- Tech for hotels: leading the 9 Hub heads of IT, including the new “Lifestyle” hub.
How Accor Leverages Its Venture Arm to Drive Innovation
Humility is a key ingredient to drive innovation and large corporations in any industry know how difficult it can be to innovate from within. Bleeker told Hotel Tech Report, “we complain that vendors don't innovate enough. It’s unfair. Vendors are incredible with really good ideas and drive to make a difference. We also have to better work with our hoteliers to accelerate adoption”. This is why Accor setup a separate venture arm to keep a pulse on the latest trends and technologies. Accor has invested minority and majority stakes in hospitality tech firms like Treebo, D-Edge and Bizzon.
“The defining characteristic of corporate VC investments is the degree to which companies in the investment portfolio are linked to the investing company’s current operational capabilities—that is, its resources and processes. For example, a start-up with strong links to the investing company might make use of that company’s manufacturing plants, distribution channels, technology, or brand. It might adopt the investing company’s business practices to build, sell, or service its products,” writes Henry Chesbrough in the Harvard Business Review.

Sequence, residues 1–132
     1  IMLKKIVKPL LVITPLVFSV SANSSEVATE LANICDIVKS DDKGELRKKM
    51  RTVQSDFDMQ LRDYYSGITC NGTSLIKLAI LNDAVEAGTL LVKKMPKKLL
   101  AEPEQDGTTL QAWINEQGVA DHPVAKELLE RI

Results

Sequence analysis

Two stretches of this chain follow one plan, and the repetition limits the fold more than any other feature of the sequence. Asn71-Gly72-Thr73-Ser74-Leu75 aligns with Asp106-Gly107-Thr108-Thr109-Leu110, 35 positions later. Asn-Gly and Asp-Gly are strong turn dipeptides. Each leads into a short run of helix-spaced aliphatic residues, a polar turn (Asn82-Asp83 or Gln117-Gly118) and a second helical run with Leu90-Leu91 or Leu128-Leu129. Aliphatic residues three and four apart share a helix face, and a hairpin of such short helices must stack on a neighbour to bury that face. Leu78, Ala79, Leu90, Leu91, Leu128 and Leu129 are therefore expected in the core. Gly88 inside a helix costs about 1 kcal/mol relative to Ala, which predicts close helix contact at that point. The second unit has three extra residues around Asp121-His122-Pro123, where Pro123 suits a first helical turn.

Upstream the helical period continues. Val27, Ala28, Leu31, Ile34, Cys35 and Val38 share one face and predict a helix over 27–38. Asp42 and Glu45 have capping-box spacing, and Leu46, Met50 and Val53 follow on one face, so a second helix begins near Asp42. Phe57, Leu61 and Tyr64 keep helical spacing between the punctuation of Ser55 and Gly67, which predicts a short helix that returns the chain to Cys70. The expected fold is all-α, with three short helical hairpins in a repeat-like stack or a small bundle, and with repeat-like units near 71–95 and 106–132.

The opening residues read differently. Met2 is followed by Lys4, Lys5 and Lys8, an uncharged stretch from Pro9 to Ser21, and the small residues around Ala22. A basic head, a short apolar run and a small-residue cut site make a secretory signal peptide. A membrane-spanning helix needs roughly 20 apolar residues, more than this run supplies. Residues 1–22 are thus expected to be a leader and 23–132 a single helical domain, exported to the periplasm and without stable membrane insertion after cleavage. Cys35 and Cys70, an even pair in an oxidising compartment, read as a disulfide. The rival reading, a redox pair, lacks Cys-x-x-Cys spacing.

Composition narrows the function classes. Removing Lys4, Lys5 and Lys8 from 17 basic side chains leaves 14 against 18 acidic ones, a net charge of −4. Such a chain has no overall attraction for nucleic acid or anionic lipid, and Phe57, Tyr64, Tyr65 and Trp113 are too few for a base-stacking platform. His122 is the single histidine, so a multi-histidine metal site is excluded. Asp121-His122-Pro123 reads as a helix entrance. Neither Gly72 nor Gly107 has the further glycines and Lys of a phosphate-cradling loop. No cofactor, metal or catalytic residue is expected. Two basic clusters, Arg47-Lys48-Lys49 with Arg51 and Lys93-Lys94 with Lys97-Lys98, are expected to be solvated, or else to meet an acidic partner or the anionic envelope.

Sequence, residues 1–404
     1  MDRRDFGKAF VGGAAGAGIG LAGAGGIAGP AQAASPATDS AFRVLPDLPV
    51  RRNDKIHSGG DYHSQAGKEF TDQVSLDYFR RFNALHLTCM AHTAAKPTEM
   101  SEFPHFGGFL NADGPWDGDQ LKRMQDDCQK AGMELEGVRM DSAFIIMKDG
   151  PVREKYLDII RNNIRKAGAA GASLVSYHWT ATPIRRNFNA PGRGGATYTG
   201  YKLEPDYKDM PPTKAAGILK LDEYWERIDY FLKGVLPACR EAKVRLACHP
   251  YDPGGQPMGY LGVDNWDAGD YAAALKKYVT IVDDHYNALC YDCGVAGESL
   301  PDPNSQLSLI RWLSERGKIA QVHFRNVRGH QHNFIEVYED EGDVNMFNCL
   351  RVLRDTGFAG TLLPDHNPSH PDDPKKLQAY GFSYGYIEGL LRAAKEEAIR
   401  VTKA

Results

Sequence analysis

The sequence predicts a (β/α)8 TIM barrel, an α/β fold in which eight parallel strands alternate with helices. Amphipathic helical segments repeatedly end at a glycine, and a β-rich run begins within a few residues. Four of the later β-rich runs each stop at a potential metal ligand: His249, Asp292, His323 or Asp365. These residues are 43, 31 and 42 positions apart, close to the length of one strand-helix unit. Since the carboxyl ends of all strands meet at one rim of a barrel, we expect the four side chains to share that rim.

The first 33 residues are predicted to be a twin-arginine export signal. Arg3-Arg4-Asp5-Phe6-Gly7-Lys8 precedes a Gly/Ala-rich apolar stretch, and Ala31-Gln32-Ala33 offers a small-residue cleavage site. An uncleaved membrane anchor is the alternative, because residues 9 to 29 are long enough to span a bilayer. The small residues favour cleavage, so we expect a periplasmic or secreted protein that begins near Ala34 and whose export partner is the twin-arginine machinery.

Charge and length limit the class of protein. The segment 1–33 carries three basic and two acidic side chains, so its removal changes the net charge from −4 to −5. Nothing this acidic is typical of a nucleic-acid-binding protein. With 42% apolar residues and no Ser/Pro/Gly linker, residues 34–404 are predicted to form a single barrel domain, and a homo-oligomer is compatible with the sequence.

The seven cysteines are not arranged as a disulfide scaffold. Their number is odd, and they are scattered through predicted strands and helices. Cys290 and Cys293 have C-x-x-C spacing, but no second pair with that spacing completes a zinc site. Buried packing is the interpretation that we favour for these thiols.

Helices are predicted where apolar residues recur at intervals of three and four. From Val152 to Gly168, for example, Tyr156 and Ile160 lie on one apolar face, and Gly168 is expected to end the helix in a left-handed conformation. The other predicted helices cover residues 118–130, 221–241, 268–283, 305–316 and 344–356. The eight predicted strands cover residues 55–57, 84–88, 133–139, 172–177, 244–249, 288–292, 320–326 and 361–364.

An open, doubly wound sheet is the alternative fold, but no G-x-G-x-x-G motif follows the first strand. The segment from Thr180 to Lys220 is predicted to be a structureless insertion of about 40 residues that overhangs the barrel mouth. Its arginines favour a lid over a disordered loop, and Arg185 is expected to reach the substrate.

Each Accor investment is deeply tied to the company’s operational capabilities. For example, Bleeker is particularly interested in next gen hotel companies like Sonder, Life House, and Treebo. For the Accor CTO, these companies have “technology first” hotel management strategies that legacy hotel chains like Accor can learn from. For an investment like Treebo, Accor can help source new development opportunities to add value for the business and in exchange it can learn from an upstart who has bypassed the typical tech decision-making with a simplified hotel management application.